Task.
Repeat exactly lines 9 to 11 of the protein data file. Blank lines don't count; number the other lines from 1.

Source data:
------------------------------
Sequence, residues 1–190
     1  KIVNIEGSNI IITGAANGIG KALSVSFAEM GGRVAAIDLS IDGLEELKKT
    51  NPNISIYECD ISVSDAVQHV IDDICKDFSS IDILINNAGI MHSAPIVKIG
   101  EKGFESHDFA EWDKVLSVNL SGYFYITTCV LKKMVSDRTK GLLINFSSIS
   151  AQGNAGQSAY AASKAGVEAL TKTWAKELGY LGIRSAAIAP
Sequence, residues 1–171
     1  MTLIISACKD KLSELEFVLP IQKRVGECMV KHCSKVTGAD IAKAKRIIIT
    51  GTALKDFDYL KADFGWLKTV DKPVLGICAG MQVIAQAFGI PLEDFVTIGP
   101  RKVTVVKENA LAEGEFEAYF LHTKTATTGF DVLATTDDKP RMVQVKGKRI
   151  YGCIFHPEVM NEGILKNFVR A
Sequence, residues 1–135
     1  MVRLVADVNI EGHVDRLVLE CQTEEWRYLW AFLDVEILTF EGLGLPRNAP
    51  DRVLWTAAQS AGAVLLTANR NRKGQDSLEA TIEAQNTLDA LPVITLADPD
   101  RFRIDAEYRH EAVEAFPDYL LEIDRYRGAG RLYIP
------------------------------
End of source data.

   101  RKVTVVKENA LAEGEFEAYF LHTKTATTGF DVLATTDDKP RMVQVKGKRI
   151  YGCIFHPEVM NEGILKNFVR A
Sequence, residues 1–135